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Last Updated: Wednesday, 28 April, 2004, 01:14 GMT 02:14 UK
'I had a Caesarean I didn't need'
By Caroline Ryan
BBC News Online health staff

L to R - Jo Sweeney with son Allan, daughter Nina and sister-in-law Alison
Jo Sweeney had two very different experiences of giving birth
Experts are publishing guidelines telling doctors and mums-to-be when it is best for women to give birth by Caesarean and when it is not.

Jo Sweeney, who lives in London, tells BBC News Online why having her first baby by emergency Caesarean changed her life.

I'm not against Caesareans but I do think they are over-used
Jo Sweeney
"When I became pregnant for the first time, I assumed it would all go smoothly.

"I looked at pregnancy books, but I skipped the pages about Caesareans. I didn't really think it would happen to me."

But when her waters began to leak, Jo went into hospital. Over the next 24 hours, doctors tried to induce her labour, but with no success.

She was told she needed an emergency Caesarean.

"At the time I felt relieved because I just wanted it to be over. I'd been left alone for quite a lot of the time and had been laid on my back, connected to monitors, so I was very uncomfortable."

Healing process

After her daughter Nina was born, Jo got on with being a mother.

But she said the trauma of the birth really hit her a year later. "I really started to think how awful it had been.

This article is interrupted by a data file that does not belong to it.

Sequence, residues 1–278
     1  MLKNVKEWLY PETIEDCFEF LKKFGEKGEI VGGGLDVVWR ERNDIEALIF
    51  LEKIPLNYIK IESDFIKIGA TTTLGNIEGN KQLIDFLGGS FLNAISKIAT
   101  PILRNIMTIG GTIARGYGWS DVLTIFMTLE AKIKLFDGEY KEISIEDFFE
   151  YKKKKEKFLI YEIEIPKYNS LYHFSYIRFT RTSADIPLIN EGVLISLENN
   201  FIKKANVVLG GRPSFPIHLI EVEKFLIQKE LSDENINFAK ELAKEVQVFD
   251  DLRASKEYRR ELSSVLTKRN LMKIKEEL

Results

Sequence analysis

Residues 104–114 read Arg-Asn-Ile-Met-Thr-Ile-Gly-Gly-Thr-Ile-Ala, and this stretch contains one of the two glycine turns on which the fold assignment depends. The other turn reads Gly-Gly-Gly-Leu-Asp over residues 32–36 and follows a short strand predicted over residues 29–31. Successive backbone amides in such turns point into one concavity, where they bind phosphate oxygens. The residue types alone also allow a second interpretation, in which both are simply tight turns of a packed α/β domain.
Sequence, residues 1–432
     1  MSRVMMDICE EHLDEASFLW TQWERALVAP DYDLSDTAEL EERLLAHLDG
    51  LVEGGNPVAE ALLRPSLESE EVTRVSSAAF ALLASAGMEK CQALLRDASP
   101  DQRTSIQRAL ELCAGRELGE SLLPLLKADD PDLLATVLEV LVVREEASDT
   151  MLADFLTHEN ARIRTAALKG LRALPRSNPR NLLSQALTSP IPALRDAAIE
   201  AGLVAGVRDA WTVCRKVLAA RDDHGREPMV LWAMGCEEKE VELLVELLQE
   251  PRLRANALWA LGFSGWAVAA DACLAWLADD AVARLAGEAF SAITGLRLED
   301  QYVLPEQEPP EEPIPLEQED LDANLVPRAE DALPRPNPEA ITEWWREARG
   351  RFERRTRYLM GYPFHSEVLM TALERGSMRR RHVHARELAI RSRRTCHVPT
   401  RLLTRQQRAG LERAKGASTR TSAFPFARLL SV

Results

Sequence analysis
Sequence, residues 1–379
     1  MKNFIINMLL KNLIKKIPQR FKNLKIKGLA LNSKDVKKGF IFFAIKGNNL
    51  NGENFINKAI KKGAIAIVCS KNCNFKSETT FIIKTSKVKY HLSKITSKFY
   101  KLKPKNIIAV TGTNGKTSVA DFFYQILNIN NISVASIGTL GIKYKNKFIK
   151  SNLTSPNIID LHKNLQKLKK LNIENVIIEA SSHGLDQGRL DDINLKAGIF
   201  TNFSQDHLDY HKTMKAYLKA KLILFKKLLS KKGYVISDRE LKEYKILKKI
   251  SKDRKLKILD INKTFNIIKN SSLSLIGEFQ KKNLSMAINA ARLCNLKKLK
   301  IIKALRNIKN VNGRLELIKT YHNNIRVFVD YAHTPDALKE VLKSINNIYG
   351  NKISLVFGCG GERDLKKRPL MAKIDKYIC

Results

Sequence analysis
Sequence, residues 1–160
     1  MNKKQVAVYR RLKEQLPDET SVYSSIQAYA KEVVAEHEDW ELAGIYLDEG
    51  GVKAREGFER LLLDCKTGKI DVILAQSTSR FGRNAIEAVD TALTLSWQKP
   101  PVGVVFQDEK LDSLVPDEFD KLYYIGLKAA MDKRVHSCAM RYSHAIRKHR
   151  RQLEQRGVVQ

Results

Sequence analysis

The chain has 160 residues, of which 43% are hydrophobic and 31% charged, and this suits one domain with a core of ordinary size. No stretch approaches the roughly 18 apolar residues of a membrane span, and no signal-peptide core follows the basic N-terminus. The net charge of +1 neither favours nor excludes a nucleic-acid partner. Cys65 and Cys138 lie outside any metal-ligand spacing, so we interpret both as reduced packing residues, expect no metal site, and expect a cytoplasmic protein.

"It was something I hadn't expected - it hadn't occurred to me that I would need a Caesarean.

"It did take me a long time to recover. I found it very difficult to even get out of bed.

"I also wasn't able to breastfeed because I just couldn't cope with learning a new skill while I was in so much pain and discomfort.

"I went to see the head of midwifery at the hospital where I gave birth, and she told me that if I'd had better midwifery care, I probably wouldn't have needed a Caesarean."

She added: "My second birth, in 2001, was a very different experience. I had a water birth at home."

She says: "I hoped it would be a healing process, but it made me feel even worse about the first one."

Following the birth of her son, Jo trained as a National Childbirth Trust adviser.

She said: "I see women who have Caesareans and think if they'd had better support, they could have given birth naturally.

"I'm not against Caesareans. But I do think they are over-used."

Jo, who now also works as a birth supporter and as a breastfeeding counsellor, added: "I can't regret what happened to me because it changed my life completely.

"But I would certainly want to change things so that it doesn't happen to anyone else."

Caesareans 'must be discouraged'
28 Apr 04  |  Health
'How we cut Caesarean numbers'
28 Apr 04  |  Health
More women having natural births
01 Apr 04  |  Health

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